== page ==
Alumnus-designed portable homeless shelter receives AOL grant

News
February 18, 2011

A portable shelter for the homeless, designed by Julio Torres Santana (B.Arch. '10), has moved a step closer to production after the project received a $25,000 grant from America Online, Inc.

In honor of its 25th anniversary, the web services company awarded 25 grants to artists, photographers, designers, writers, and architects from around the world to support projects ranging from outdoor lights fueled by wind power to devices that allow paralyzed artists to draw just using their eyes.

Santana, who lives in New York City, was a student in architectural studies at SUNY Morrisville when he designed the portable shelter for a class assignment in 2006. After transferring to Cornell a year later, he refined the project by lightening the shelter and improving its insulation.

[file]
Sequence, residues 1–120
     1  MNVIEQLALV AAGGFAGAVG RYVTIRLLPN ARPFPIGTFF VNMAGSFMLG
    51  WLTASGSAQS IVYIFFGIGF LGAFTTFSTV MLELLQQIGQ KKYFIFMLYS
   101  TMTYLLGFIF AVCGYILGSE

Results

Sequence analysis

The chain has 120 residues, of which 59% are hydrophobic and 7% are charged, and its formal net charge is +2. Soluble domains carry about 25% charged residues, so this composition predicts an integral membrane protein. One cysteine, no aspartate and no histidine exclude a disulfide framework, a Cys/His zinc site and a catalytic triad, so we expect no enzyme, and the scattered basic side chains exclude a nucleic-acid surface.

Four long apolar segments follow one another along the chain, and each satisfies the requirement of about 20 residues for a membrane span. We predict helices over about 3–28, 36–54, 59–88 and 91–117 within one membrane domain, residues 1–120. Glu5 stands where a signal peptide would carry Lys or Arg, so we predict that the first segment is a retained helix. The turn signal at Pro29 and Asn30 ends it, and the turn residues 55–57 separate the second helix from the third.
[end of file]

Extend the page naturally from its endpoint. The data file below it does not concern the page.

"The whole idea of the shelter is to completely insulate yourself from winter weather and to retain your body heat," says Santana, a native of the Dominican Republic. "So when you use it during the winter, you can be a bit more comfortable."

Designed so an occupant can sit up or lie down in it, the 6-foot-4-inch-long shelter can be folded up as a backpack or rolled along the sidewalk. Besides helping the homeless, it can also be used to temporarily house people after natural disasters.

With the grant, Santana is looking for a manufacturer to produce the shelter, which is made from a wood frame and a waterproof fabric cover. "My plan is to build a few shelters and give them away to people who might need them," he says.